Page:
Some heated Unionists proposed that Adventists form brigades to support the Union, while hardline pacifists were willing to be branded as traitors and imprisoned for their faith. In the end, the Church evaded the question in a number of ways--in Iowa, Adventist petitioned for recognition as a "peace church", while the national church raised money to pay to release Adventists from the draft, or encouraged laypersons to work as medics, helping freed blacks, or providing other services.

This same aversion to violence brought Adventists to attack William McKinley and Theodore Roosevelt during the Spanish-American War in 1898. Adventist writers damned other churches for supporting imperialism, bullying of a worn-out Spain and tired colonists, and what they saw as dangerous expansionism.

In the early 20th century, the Adventist Church published pamphlets to guide young men through the draft, and even made field medic courses a graduation requirement at Adventist colleges. As a result, an entire generation of Adventists--pastors and parishoners alike--recall military medical training.

The most visible example of Adventist pacifism is Desmond Doss (1919-2006), the field medic who saved dozens of lives--crawling under Japanese grenades to administer plasma and treat wounds--when serving on Okinawa in World War II. Doss, an Adventist from Virginia, was the first conscientious objector to win the Medal of Honor.

However, by the time of the Vietnam War, many Adventists submitted to the draft as combatants, not medics. On the other side of the issue, many Adventists sided with the peace movement that mobilized the churches, choosing to side with the likes of Martin Luther King, Jr. and William Sloane Coffin in demanding an end to the war. The division continued, and the church's leadership currently allows each parishoner to make up his or her own mind--while peace is encouraged, joining the military is not grounds for disfellowship. In fact, the Chaplain of the Senate, Rear Admiral Barry Black, is an Adventist.

Douglas Morgan, an Adventist historian, began discussing Adventism's nonviolent heritage with other Adventists. Those discussions grew into the Adventist Peace Fellowship, which seeks to present the historical and theological underpinnings for nonviolence in Seventh-Day Adventist doctrine. This work has led to Adventist Peace Fellowship joining the National Religious Campaign Against Torture (more on that in a forthcoming post!), and staging protests in Washington and Los Angeles concerning the Iraq War.

While people continue to accuse religion of separating people, fostering violence, and promoting human misery, Adventist Peace Fellowship and other organizations like it in other faith traditions prove that religions promote peace, goodwill, and friendship--and this isn't an innovation, but something integral.

Thursday, August 14, 2008

As the summer winds down,

Welcome to the URC's Interfaith Blog! We're your place to ask questions, get comments, and explore ideas about religion and spirituality's place in current affairs, campus life, and community issues.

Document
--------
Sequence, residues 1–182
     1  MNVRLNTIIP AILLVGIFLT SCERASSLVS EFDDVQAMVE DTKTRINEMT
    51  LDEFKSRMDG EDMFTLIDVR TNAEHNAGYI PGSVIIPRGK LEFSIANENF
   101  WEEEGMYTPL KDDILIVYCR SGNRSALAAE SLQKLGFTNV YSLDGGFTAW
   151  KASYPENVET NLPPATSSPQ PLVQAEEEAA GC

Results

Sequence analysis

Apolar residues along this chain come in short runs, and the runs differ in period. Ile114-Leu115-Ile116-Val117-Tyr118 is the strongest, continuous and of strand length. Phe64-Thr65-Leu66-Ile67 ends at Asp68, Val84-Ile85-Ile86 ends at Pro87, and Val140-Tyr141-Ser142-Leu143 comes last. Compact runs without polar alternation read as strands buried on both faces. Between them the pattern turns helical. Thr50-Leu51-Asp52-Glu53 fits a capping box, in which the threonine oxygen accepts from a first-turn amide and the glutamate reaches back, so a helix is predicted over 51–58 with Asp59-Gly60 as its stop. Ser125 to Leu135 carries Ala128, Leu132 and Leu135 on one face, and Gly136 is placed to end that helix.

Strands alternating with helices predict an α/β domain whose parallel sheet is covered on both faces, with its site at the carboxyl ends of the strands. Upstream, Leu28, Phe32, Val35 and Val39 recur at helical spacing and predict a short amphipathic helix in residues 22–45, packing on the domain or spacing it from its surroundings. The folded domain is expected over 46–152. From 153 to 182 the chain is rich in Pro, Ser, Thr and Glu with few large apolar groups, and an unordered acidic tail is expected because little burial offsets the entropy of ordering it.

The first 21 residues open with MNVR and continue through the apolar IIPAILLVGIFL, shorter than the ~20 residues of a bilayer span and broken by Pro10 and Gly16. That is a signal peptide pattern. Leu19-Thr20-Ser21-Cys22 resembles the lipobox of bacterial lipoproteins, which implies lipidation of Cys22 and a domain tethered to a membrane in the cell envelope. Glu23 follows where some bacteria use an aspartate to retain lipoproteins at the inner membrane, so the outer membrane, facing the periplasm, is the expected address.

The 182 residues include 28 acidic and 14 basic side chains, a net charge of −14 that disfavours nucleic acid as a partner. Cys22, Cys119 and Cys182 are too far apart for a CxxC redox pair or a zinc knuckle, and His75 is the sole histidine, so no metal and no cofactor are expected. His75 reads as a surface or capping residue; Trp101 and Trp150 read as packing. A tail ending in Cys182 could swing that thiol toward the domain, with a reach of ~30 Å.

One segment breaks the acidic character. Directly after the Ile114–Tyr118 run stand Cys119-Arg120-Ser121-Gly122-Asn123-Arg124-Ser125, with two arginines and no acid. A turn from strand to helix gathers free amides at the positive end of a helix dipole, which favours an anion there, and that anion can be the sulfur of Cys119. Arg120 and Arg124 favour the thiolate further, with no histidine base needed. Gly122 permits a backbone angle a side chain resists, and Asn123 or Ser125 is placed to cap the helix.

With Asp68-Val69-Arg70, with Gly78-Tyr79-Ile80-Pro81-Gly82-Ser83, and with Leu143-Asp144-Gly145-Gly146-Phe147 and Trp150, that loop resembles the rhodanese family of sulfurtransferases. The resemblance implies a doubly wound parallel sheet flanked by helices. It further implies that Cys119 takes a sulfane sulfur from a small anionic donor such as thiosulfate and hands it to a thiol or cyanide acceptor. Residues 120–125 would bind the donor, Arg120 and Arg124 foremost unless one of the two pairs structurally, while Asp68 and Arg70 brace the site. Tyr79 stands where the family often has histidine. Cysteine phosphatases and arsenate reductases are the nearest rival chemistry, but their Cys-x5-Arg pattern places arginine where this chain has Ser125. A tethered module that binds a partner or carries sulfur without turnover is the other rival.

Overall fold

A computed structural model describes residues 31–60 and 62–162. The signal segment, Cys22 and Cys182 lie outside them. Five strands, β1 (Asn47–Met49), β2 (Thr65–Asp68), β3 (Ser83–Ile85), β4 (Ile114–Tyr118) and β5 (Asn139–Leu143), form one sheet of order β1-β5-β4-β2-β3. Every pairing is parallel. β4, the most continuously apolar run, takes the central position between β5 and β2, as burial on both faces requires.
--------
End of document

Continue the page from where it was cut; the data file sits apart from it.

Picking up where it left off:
With the tragic shooting at a Unitarian Universalist church in Knoxville, Tennessee, and Pastor Rick Warren's talk with Senators McCain and Obama about their faith, it's increasingly clear that dialogue between different religious communities and between people of faith and secularists is growing more and more important in our nation and world. And you can be a part of that.

As Bruins, you're in an exciting place for religious work and interfaith dialogue. UCLA is host to 35,000 students, thousands of faculty and staff, and sits in Los Angeles, one of the largest cities in the world. UCLA history professor S. Scott Bartchy says in the syllabus for his introductory history of religion class that "the United States has become the most religiously diverse nation in the world – with the Los Angeles area itself being without question the most religiously diverse place in the history of humanity."

With all the opportunities (and questions) that such diversity offers, we at the URC hope that you can come to us with your questions, concerns, and ideas on how to make UCLA and the surrounding community a safe and welcoming place for members of every faith community, as well as those that don't identify with any religious organization.

Whether your interests revolve around religion and the 2008 election, moral values and college life, or questions about the holidays your friends are celebrating, come to us--with your questions, your ideas, and your feedback. We hope that your search for truth at UCLA is a fruitful one!

Wednesday, February 27, 2008

Recent News Articles and Updates

Recently, the New York Times had an article titled,
For Muslim Students, a Debate on Inclusion.
It's a great article that talks about some of the difficulties facing American Islamic students today.